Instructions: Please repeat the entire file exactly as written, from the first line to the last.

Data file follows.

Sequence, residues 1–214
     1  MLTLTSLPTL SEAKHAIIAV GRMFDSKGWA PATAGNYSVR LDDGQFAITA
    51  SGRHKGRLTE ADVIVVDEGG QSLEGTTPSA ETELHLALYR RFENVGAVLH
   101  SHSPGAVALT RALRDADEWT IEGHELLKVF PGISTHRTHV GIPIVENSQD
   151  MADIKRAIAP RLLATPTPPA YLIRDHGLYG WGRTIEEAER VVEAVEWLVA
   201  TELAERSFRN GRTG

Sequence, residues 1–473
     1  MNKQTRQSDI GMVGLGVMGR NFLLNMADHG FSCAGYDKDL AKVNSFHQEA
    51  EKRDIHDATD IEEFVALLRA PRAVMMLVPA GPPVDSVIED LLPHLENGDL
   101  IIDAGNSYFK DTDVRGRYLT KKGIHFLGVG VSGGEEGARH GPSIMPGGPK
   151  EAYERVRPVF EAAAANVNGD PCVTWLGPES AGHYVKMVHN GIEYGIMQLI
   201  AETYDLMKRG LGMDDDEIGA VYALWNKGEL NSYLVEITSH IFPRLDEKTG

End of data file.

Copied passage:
Sequence, residues 1–214
     1  MLTLTSLPTL SEAKHAIIAV GRMFDSKGWA PATAGNYSVR LDDGQFAITA
    51  SGRHKGRLTE ADVIVVDEGG QSLEGTTPSA ETELHLALYR RFENVGAVLH
   101  SHSPGAVALT RALRDADEWT IEGHELLKVF PGISTHRTHV GIPIVENSQD
   151  MADIKRAIAP RLLATPTPPA YLIRDHGLYG WGRTIEEAER VVEAVEWLVA
   201  TELAERSFRN GRTG

Sequence, residues 1–473
     1  MNKQTRQSDI GMVGLGVMGR NFLLNMADHG FSCAGYDKDL AKVNSFHQEA
    51  EKRDIHDATD IEEFVALLRA PRAVMMLVPA GPPVDSVIED LLPHLENGDL
   101  IIDAGNSYFK DTDVRGRYLT KKGIHFLGVG VSGGEEGARH GPSIMPGGPK
   151  EAYERVRPVF EAAAANVNGD PCVTWLGPES AGHYVKMVHN GIEYGIMQLI
   201  AETYDLMKRG LGMDDDEIGA VYALWNKGEL NSYLVEITSH IFPRLDEKTG